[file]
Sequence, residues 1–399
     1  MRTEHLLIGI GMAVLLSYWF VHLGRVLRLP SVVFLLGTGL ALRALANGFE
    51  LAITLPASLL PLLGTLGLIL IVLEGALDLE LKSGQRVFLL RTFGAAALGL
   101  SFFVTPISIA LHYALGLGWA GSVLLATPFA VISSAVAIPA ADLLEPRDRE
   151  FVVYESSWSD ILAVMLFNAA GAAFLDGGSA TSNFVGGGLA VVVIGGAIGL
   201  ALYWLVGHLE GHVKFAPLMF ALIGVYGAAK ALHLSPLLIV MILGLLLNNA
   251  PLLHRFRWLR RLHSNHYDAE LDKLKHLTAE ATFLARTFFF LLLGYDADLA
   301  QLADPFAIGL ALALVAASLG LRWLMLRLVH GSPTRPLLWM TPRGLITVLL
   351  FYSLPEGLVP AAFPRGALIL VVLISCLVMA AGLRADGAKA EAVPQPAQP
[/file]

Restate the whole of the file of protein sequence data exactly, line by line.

Sequence, residues 1–399
     1  MRTEHLLIGI GMAVLLSYWF VHLGRVLRLP SVVFLLGTGL ALRALANGFE
    51  LAITLPASLL PLLGTLGLIL IVLEGALDLE LKSGQRVFLL RTFGAAALGL
   101  SFFVTPISIA LHYALGLGWA GSVLLATPFA VISSAVAIPA ADLLEPRDRE
   151  FVVYESSWSD ILAVMLFNAA GAAFLDGGSA TSNFVGGGLA VVVIGGAIGL
   201  ALYWLVGHLE GHVKFAPLMF ALIGVYGAAK ALHLSPLLIV MILGLLLNNA
   251  PLLHRFRWLR RLHSNHYDAE LDKLKHLTAE ATFLARTFFF LLLGYDADLA
   301  QLADPFAIGL ALALVAASLG LRWLMLRLVH GSPTRPLLWM TPRGLITVLL
   351  FYSLPEGLVP AAFPRGALIL VVLISCLVMA AGLRADGAKA EAVPQPAQP